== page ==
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‘Revenge porn’ bills get hearings

by caprecord

When computer technician Jeremy Scott Walters took a customer’s nude photos from her computer and threatened to post them online unless she “played along,” the woman said police did not take her seriously at first.

The woman told a House Judiciary Committee on Wednesday at a hearing on HB 1624 that Walters posted her intimate photos on a website where people post nude images of women with the intent of humiliating them, and links were sent to her family and friends.

The practice commonly is called “revenge porn,” though in this case, the only contact that the woman had with Walters was when she hired him to transfer her files from one computer to another.

After months of investigation, King County prosecutors charged Walters with computer trespass of four women whose nude or topless photos were posted online, and he was sentenced in December to a year in prison, according to news reports at the time.

“The process was long and arduous and painful,” the victim told the House Judiciary Committee. The woman spoke to the committee without identifying herself by her full name.

The woman testified on a bill that would set a civil penalty of at least $10,000 in restitution to the victims. The House will hear two other bills on Friday that would criminalize distributing intimate images of a person without that person’s consent.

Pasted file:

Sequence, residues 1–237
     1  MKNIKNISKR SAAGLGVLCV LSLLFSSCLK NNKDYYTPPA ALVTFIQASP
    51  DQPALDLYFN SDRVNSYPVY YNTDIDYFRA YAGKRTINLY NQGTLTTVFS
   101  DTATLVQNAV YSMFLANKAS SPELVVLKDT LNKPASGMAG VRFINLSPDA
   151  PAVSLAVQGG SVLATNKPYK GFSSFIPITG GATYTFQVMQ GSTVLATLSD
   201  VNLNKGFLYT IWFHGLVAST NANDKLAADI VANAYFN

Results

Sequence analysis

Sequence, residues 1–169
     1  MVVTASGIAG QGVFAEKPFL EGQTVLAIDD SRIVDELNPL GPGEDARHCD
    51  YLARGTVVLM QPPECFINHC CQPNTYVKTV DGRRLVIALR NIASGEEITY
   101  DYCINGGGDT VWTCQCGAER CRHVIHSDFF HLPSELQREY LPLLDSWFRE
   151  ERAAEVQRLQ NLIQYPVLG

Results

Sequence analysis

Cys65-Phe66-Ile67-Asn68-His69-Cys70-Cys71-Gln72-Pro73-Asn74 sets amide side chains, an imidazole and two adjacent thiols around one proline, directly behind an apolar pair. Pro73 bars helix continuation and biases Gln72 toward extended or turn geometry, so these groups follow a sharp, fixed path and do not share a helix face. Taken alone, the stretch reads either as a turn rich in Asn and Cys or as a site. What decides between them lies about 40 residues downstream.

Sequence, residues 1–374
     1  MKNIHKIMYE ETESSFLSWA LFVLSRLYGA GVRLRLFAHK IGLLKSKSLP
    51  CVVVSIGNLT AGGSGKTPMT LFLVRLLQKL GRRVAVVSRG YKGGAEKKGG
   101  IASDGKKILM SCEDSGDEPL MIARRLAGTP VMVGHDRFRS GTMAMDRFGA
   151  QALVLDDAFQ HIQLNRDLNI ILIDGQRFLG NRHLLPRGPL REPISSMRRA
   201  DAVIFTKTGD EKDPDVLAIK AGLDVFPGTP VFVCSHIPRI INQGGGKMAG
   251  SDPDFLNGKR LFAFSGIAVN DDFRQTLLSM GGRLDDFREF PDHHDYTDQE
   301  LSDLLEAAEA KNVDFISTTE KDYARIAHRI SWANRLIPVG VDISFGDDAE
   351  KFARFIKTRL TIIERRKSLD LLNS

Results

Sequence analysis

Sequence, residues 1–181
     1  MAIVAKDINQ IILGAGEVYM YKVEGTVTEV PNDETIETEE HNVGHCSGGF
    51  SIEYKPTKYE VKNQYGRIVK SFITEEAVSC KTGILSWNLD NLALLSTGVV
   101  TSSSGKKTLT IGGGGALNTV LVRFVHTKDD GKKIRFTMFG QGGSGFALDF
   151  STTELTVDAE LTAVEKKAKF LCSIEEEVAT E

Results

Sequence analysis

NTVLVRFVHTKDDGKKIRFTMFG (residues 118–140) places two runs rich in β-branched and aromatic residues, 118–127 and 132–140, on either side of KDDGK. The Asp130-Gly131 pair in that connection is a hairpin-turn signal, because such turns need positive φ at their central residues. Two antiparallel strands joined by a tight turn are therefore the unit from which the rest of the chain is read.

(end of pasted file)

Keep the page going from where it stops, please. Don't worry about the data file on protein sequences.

Gary Ernsdorff of the King County Prosecuting Attorney’s office said the bills would help stop cyberstalking, which is a complicated crime to prove.

“It took us about five months and about a dozen search warrants before we had a complete picture of what revenge porn was and how it affected victims in an extreme fashion,” he said.

While some cases may be of an angry person getting back at a former girlfriend, that was not the case for Walters, Ernsdorff said.

“This was a person who was doing it, frankly, just to be cruel,” he said.

Ernsdorff said when victims contact the website, they are told they must pay $500, deposited into a foreign account, to have the images removed from the site.

“They are completely law-enforcement unfriendly by design,” he said. “Their business model is extortion.”

The violation still affects her life, the woman told lawmakers, forcing her to put her name and face out in the public in her efforts to stop the activity.

“Requiring me to be courageous and brave and having this be more upfront than I wanted this to be in the first place,” she said.

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